THE RECENT BIG FIRE AT KNOXVILLE
Special correspondence of FIRE AND WATER ENGINEERING.
On May 5 Knoxville, Tenn., was visited with a destructive fire which broke out at the elevator on the top floor of 120-124 Gay street, a four-story, brick building, erected in 1891, with a basement and subbasement in the rear. The cause of the fire was a candymaker’s furnace. When the fire department arrived the building was burning from basement to roof, and four engines, first-size, second-size, two fourth-size, one third-size American-La France and Silsby engines, one seventyfive-foot Babcock truck and one wagon company were immediately set to work. Six double, sixinch hydrants were available, the distance between each being from 150 to 300 feet. Only one hydrant stream was thrown, and the water pressure for forty minutes was seventy-five pounds, afterwards only forty _ pound pounds. The width of the street in front of the building was sixty-six feet between the property line, and through the street ran a ten-inch water main. About 4.000 feet of hose, eighty-seven per cent, rotten, rubber-lined, were laid, of which four sections burst during the fire. The size of the streams thrown through ordinary nozzles (no special nozzles being used) was one-inch, one and one-eighth-inch, one and one-quarter-inch and one and a half-inch respectively. As to the water: The system is gravity, and one engine did not seem to get sufficient water. The fire had heen raging for about one hour, when the hydrant from one engine pulled up, and the steamer had to he moved to another. This was at the corner of Gay and Vine streets, and the supply of water coming up Vine street and emptying into the Gay street main was ait down, as there was no cut-off at the hydrant that pulled up.
As has been already said, the department, on its arrival on the scene, found the Littlefield company’s building was afire from top to bottom,
CHIEF SAM B. BOYD
writes: “Before we could raise the truck the flames had communicated to the skylight of McMillan, Hazen & Co., wholesale shoe store. After some delay caused by the network of wires and the scarcity of men on the truck (there were only four men on the truck, including the driver and tillerman), we raised it and carried two streams to the top. The fire burned the fourth, third and a part of the second floors of the McMillan, Hazen & Company’s building. The ground floor, basement and subbasement, which were packed with goods, were not burned. Three engines were sent back to quarters twelve hours after the fire started; the fourth went in sixteen hours afterwards. Twenty-four hours after the fire started, and quite unexpectedly, the side wall of the building fell and carried down the remaining floors, with all the goods on them, to the subbasement. This was after all the machines had returned to their quarters, and only one hydrant stream was left playing on the ruins. This falling of the wall added at least $10,000 to the loss, as’it crushed into the basement hundreds of cases of shoes that had sustained very little, if any damage. As the buildings have no fire escape at the rear, and as we only have one ladder able to reach such high buildings (and that was at the front), we had no way to get at the top at the rear. That alley at the rear is about ten feet wide, and just across is a large knitting mill employing about 150 persons. This was not damaged at all. Along the side of this mill, also, is a large coffin factory, likewise a large livery stable, neither of which was damaged. The building No. 124, occupied by the McBeeHambright company as a skirt factory, was damaged, owing to the skylight catching fire and allowing smoke to enter and injure the stock. There was a little water damage caused by one stream playing on it for a few seconds. The following is the loss as adjusted: F’irst Building.— Littlefield, Steer & Co., candy manufacturers.— Stock and machinery, $45,000; insurance paid on stock and machinery, $30,000—full and carried, value of building, $13,000; amount of insurance paid, $8,000—full and carried. McMillan, Hazen company, wholesale shoes.—-Value of stock, $235,000; amount of insurance carried, $190,500; amount of insurance paid, $177,000; value of building, $13,000; amount of insurance carried, $10,000; amount of insurance paid, $9,100. McBee, Hambright company, skirt manufacturers.—Value of stock and machinery, $40,000; amount of insurance carried, $18,000; amount of insurance paid, $7,342; value of building, $13,000; amount of insurance paid, $361.”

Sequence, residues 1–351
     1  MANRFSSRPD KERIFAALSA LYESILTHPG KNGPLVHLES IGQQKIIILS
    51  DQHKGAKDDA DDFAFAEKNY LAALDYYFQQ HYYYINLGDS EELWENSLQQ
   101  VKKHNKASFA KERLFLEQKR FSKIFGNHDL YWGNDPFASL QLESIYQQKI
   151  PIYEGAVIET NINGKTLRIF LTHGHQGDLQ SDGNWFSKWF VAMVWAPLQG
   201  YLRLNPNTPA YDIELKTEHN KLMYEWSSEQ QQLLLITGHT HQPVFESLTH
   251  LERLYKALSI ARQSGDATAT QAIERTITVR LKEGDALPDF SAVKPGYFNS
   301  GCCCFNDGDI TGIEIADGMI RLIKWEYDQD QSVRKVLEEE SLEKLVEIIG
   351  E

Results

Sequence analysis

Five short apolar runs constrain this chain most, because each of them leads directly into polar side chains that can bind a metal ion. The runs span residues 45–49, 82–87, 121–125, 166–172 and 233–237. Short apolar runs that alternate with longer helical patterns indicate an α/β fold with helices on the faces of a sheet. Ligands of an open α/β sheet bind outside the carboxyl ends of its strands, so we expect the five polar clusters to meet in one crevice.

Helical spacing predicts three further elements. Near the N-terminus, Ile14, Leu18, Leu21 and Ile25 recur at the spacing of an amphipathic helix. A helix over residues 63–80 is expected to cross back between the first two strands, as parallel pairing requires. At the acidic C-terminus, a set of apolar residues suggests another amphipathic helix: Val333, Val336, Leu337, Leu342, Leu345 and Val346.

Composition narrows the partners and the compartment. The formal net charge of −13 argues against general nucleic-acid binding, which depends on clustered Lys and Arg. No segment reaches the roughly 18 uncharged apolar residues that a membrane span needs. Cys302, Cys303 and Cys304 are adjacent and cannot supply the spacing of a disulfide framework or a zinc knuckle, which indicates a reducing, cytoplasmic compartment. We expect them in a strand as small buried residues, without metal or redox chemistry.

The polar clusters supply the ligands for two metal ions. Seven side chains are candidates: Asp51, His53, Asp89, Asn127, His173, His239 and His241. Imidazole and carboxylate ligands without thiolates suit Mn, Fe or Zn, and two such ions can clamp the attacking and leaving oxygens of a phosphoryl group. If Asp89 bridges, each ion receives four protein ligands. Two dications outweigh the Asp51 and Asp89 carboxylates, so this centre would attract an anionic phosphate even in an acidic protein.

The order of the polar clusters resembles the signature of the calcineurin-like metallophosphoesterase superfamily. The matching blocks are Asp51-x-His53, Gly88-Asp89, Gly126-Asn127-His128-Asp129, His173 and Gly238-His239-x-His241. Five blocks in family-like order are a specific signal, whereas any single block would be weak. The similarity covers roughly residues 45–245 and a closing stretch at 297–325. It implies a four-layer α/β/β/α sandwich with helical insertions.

From Chief Boyd’s statement it is easily seen how the fire department was handicapped (a) by the disablement of the fire hydrant; (b),by the lack of a sufficient crew to man the truck; (c) by the lack of ladders; (d) by the omission of the owners of the buildings to provide fire escapes in the rear; and (e) by the narrowness of the alley behind the buildings. The water pressure, also, independently of the accident to the hydrant, was not sufficient. This has been for long a standing grievance at Knoxville, where the insurance companies have for some time urged the installation of a high-pressure system, with a pumping capacity of 8,000 gallons per minute, at a cost of $100,000. The complaints as to defective water supply were long and loud after the big fires in the early part of 1905, one of which was on Gay street, the scene of the fire on May 5; where at one of the large hydrants the pressure seemed to be very light—not more than seventyfive pounds. The National Board of Fire Underwriters recommended then that the congestedvalue district should be supplied with water under pressure of not less than ninety pounds, even during periods of extreme domestic consumption, and that the general average pressure throughout the city should be materially increased by a reorganisation of tue svstem, including a new’ distributing reservoir, and a duplicate conduit of at least twentv-four inches diameter, one to be used as a force-main, to be constructed from the reservoir to the distribution system, knd thence to the congested district. It was alsd*recommended that a portion of the conduit used ordinarily as a force-main should be continued by a main of at least twenty-four inches in diametet;, from the terminus of the supply conduit by the most convenient route to the river pumping station. Breaks or repairs to the pipe system in the congested-value or manufacturing districts should not cut off the service any length of main greater than the side of a single block or a maximum of 500 feet. The hydrants, also, in these districts should have at least two twenty-four-inch steamer outlets, each fitted with one independent gate, not less than eignt-inch barrel and connection with main by pipe at least eight inches in diameter, the latter fitted w’ith a gate between the street main and hydrant. None of these recommendations seem to have been carried into effect, and the city’s protection against fire is, therefore, left as defective as ever. Under such conditions, therefore, the fire department must always be seriously handicapped and a disastrous conflagration may be looked foi at any moment. That the recent fire was so well stopped, in spite of the prevailing embarrassing conditions, and that several more buildings were not destroyed, speaks well for the fire department and its work.